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Peppers require patience -- and warmer soil

Don't transplant too early or plants may not produce as expected

Green pepper plants
These young plants need warm soil to thrive and produce peppers. (Photo: Kathy Morrison)



There’s a reason you should hold off transplanting peppers until April (or May): It’s too darn cold!

Many local gardeners have been tempted to plant peppers, tomatoes and other summer stalwarts. These seedlings have been appearing in local stores and nurseries – it must be planting season!

But wait; your peppers will thank you for your patience.

Even though the sun has been shining and Sacramento saw several recent days in the 70s, overnight lows and soil temperatures remain chilly. After all, it’s still winter (for a few more days).

Tuesday’s low temperature dipped down to 34 degrees in Sacramento. Neighboring communities, particularly in the foothills, saw late frost.

Pepper seedlings will die at 32 degrees. So even if they didn’t freeze this week, they’re not happy outdoors.

It’s not just the air temperature that affects their health and growth; it’s the soil temperature that can make all the difference.

According to UC Cooperative Extension master gardeners, pepper plants need warmer soil and air temperatures to thrive. Air temperatures below 55 degrees can stunt pepper growth and development. As of 2 p.m. Tuesday, it was only 55 degrees in Sacramento, even under sunny skies.

And the soil temperature? According to Farmer Fred Hoffman (who keeps track at his
www.farmerfred.com website), Sacramento’s soil temperature is still about 50 degrees; 46 degrees in the foothills.

Peppers need soil temperatures above 60 degrees to grow healthy roots. Transplanted into such cold soil, pepper seedlings just sit there and sulk. In fact, a cold start may be detrimental to the pepper plant’s overall health and keep it from producing up to its potential.

The answer? Besides waiting to plant in April when the soil is warmer, give your extra-early seedlings some added warmth.

Surround them with mulch (making sure to leave a 4-inch circle of clear space around the main stem to prevent rot). The mulch acts like a big heavy blanket over the soil, soaking up heat during the day and holding it in overnight.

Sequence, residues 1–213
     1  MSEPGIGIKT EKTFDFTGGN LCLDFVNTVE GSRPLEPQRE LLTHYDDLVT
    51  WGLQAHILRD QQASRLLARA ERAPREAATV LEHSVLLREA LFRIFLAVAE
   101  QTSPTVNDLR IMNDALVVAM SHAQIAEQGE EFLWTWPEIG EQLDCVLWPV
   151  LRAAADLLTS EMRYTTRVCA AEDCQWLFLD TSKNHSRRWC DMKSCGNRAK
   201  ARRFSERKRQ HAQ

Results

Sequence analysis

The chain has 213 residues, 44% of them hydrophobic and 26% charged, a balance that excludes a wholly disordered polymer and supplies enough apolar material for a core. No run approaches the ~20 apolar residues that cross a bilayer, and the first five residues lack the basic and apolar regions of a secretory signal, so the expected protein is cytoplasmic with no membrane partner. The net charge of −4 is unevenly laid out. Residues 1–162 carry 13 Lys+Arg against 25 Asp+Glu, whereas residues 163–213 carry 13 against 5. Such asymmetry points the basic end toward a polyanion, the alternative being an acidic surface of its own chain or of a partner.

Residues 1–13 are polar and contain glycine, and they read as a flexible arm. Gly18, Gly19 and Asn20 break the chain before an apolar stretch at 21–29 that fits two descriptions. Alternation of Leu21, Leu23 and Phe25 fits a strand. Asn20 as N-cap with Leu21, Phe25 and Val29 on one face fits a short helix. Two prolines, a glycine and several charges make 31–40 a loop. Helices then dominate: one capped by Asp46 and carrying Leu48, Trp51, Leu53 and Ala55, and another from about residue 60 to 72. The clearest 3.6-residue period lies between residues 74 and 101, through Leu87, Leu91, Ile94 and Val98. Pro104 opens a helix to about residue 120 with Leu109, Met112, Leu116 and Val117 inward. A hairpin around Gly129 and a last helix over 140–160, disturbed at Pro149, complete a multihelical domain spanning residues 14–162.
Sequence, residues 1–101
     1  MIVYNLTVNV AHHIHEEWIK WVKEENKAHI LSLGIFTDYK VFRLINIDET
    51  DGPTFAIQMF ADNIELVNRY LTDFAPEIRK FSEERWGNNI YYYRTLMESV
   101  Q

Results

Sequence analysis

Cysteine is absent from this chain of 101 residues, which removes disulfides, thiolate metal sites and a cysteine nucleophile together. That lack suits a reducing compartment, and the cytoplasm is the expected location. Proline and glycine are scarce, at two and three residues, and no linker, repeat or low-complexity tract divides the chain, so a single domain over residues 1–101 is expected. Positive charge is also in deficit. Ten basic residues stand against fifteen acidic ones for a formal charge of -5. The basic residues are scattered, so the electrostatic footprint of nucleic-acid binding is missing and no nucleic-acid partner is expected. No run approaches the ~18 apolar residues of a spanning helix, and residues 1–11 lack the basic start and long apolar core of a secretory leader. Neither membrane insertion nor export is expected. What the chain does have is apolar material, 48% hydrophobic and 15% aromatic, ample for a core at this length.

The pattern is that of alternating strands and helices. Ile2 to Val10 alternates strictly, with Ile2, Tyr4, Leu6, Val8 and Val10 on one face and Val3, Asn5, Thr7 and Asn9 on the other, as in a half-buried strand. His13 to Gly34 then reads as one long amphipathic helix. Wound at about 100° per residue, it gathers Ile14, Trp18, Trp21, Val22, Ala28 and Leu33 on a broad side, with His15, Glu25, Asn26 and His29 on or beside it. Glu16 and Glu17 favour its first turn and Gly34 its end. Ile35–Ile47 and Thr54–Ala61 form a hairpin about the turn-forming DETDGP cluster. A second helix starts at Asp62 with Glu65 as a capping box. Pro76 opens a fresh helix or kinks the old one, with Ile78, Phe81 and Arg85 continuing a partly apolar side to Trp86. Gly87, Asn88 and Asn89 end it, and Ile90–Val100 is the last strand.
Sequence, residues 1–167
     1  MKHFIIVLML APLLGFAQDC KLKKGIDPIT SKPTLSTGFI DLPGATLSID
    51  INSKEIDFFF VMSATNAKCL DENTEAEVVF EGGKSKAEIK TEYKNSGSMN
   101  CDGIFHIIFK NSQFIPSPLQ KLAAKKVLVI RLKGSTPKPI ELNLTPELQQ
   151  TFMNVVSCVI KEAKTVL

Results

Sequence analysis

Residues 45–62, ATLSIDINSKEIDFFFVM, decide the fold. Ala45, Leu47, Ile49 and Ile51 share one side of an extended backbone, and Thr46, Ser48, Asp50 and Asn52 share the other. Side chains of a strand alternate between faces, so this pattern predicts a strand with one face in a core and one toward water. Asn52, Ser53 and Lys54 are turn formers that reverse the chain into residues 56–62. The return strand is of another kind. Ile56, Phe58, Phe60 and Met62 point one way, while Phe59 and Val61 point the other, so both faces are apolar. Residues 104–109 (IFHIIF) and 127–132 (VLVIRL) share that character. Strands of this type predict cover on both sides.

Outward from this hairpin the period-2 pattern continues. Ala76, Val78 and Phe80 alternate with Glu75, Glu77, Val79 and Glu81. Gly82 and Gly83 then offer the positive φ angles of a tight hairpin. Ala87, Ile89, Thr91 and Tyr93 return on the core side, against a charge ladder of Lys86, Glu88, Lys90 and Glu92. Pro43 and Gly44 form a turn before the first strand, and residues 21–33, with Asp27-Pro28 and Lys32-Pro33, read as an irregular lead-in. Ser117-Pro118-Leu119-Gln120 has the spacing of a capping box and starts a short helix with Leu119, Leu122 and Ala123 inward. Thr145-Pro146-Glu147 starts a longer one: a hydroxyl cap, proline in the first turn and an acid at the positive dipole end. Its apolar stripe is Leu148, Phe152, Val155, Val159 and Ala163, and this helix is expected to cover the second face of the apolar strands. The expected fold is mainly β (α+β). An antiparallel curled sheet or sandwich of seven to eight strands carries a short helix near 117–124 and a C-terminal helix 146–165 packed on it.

Also, give your peppers their own little greenhouses with “hot caps.” Available at nurseries, hot caps are waxed paper or plastic tents that can be placed over individual plants to hold in warmth. Plastic row covers serve the same purpose, covering multiple plants at once.

Clear (not white) plastic one-gallon milk or water jugs can work as mini-greenhouses, too. Cut off the bottom of the jug and place it over the plant with the neck side pointed up. Keep the lid off the jug so the plant can breathe.

Peppers planted in containers warm up quicker than in soil, so that’s another option for early-bird pepper planters. But an extra-early start usually will not produce extra-early peppers in Sacramento – unless they’re growing in a greenhouse.

For more master gardener tips on peppers: http://ipm.ucanr.edu/PMG/C604/m604yi01.html

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Dig In: Garden Checklist

For week of March 3:

* Celebrate the city flower! Catch the 100th Sacramento Camellia Show 3 to 6 p.m. Saturday, March 2, and 10 a.m to 5 p.m. Sunday, March 3, at the Scottish Rite Center, 6151 H St., Sacramento. Admission is free.

* Between showers, pick up fallen camellia blooms; that helps cut down on the spread of blossom blight that prematurely browns petals.

* Feed camellias after they bloom with fertilizer formulated for acid-loving plants.

* Camellias need little pruning. Remove dead wood and shape, if necessary.

* Tread lightly or not at all on wet ground; it compacts soil.

* Avoid digging in wet soil, too; wait until it clumps in your hand but doesn’t feel squishy.

* Note spots in your garden that stay wet after storms; improve drainage with the addition of organic matter such as compost.

* Keep an eye out for leaning trunks or ground disturbances around a tree’s base, a sign of shifting roots in the wet soil.

* Fertilize roses, annual flowers and berries as spring growth begins to appear.

* If aphids are attracted to new growth, knock them off with a strong spray of water or insecticidal soap. To make your own “bug soap,” use two tablespoons liquid soap – not detergent – to one quart water in a spray bottle. Shake it up before use. Among the liquid soaps that seem most effective are Dr. Bronner’s Pure-Castile Soaps; try the peppermint scent.

* Pull weeds now! Don’t let them get started. Take a hoe and whack them as soon as they sprout.

* Prune and fertilize spring-flowering shrubs after bloom.

* Cut back and fertilize perennial herbs to encourage new growth.

* Make plans for your summer garden. Once the soil is ready, start adding amendments such as compost.

* Indoors, start seeds for summer favorites such as tomatoes, peppers and squash as well as summer flowers.

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